Monthly Archives: February 2019

Investing In A Buffalo Coin is Investing In A Piece of Gold Americana

If you are from outside of America, or not a coin collector, you might be forgiven for looking with curiosity at anyone talking about the value of “Buffalo Coins”.

Absolutely nothing to do with the bear and bull terms associated with the trade market, the Gold Buffalo is actually a 24-karat solid bullion coin that was minted in the United States in 2006. It had a face value of US$50. However, because there were only 300,000 minted, they were incredibly popular and that the gold price has risen significantly between 2006 and now, they sell for upwards of US$2,000.

Designing a 24-Karat Gold Coin

The gold Buffalo Coin was designed by a student of the American sculptor Augustus Saint-Gaudens – the designer for the US Mint of both the $20 “double eagle” gold coin in 1905 and the $10 “Indian Head” gold eagle 1907. It is hardly surprising that a student of Augustus would then go on to design the next great American coin.

Born November 4, 1876 in Winona, Minnesota, James Earle Fraser spent his early life on the American frontier, with positive interactions with Native Americans. He studied at The Art Institute of Chicago in 1890 before heading to Paris to continue his studies. Originally the American Buffalo Gold Coin was designed as the American 5-cent coin and was then modified slightly to become the $50 coin. A more complete history of the coin can be found here.

Reissues not Replicas

Because of their beauty and value – both as statements of patriotic Americana, and their monetary worth, these are of course sort after coins, no matter what year they were issued in. Which of course means that there are fakes being produced. However, not all of these are out to deceive, there are reputable companies who have created gold plated replicas for people that just love the look of the coin and want to be able to display it rather than have it as an investment. Genuine coins should come with a certificate of authenticity, if they don’t have the certificate it would pay to get the coin evaluated by a knowledgeable coin dealer to verify its worth.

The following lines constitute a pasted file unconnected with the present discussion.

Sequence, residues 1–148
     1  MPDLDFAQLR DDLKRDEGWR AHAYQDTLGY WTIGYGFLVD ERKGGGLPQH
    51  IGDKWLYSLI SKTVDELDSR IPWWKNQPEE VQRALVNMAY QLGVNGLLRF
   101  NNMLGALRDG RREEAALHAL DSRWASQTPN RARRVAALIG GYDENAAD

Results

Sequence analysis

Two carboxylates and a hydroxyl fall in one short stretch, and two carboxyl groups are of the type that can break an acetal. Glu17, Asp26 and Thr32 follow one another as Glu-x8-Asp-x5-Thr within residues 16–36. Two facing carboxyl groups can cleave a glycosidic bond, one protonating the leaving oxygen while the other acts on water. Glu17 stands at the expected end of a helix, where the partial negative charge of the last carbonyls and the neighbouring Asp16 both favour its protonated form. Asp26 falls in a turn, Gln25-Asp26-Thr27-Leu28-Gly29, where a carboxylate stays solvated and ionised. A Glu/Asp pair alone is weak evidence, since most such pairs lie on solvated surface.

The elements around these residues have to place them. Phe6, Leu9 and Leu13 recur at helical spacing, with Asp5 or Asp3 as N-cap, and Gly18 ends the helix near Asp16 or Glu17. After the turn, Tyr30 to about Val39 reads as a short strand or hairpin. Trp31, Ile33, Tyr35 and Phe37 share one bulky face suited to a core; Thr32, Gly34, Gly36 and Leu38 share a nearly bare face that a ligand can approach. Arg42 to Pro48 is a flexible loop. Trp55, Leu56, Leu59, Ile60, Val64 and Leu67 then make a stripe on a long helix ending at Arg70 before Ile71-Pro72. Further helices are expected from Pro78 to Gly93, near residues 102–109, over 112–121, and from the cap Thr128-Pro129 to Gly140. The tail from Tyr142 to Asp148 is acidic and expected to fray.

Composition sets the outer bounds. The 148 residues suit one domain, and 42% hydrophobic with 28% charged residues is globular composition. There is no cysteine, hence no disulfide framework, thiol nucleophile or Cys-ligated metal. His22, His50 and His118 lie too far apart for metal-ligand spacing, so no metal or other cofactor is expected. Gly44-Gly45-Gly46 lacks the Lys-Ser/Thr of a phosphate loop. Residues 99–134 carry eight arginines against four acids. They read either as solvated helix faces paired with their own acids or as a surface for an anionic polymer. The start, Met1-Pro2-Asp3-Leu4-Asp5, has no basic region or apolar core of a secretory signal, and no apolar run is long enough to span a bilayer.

Modern Buffalo Coins

Although the original gold buffalo coins were produced in 2006, the US Mint has released a limited number of collector editions of the coins each year. Each issued with the current year, coming in a wooden presentation box, and with a certificate of authenticity. They continue to be issued as one ounce of .9999 fine 24-karat gold, which is also why they continue to hold (and increase) their valued based on the market value of gold.

Generally, between 100,000 and 300,000 coins are minted each year, and they are purchased by collectors very upon issue. However you can of course purchase the gold buffalo coins from various sources after they have sold out at the US Mint – and many of the coins are likely purchased from the US Mint specifically so that they can be quickly resold for a profit as soon as the gold price moves up.

However, if you are buying a ‘second hand’ coin from an online source, particularly through social media or eBay first check reviews and ratings, and if you decide to go through with the purchase take the coin to be authenticated as soon as it arrives. Most sites will give you a short period of time to open up a dispute if it turns out that you have not purchased the genuine article.

Reputable Dealers

Once you get into coin collecting you will quickly learn who the reputable dealers are and who to avoid, online collectors’ forums will regularly “out” untrustworthy sellers as well. However, many people interesting in purchasing something the like American Buffalo are more interested in the purchase as a longer-term investment in actual gold than they are in whatever value the piece may have as a collector’s item.

This means that investors need to be even more vigilant as they generally don’t have the collector’s knowledge and network to fall back on. A dealer should be contactable. Although they may not give out their address on their website for securities sake, there should be a telephone number where you can speak to an actual person – and you should be able to see stock in person if you ask.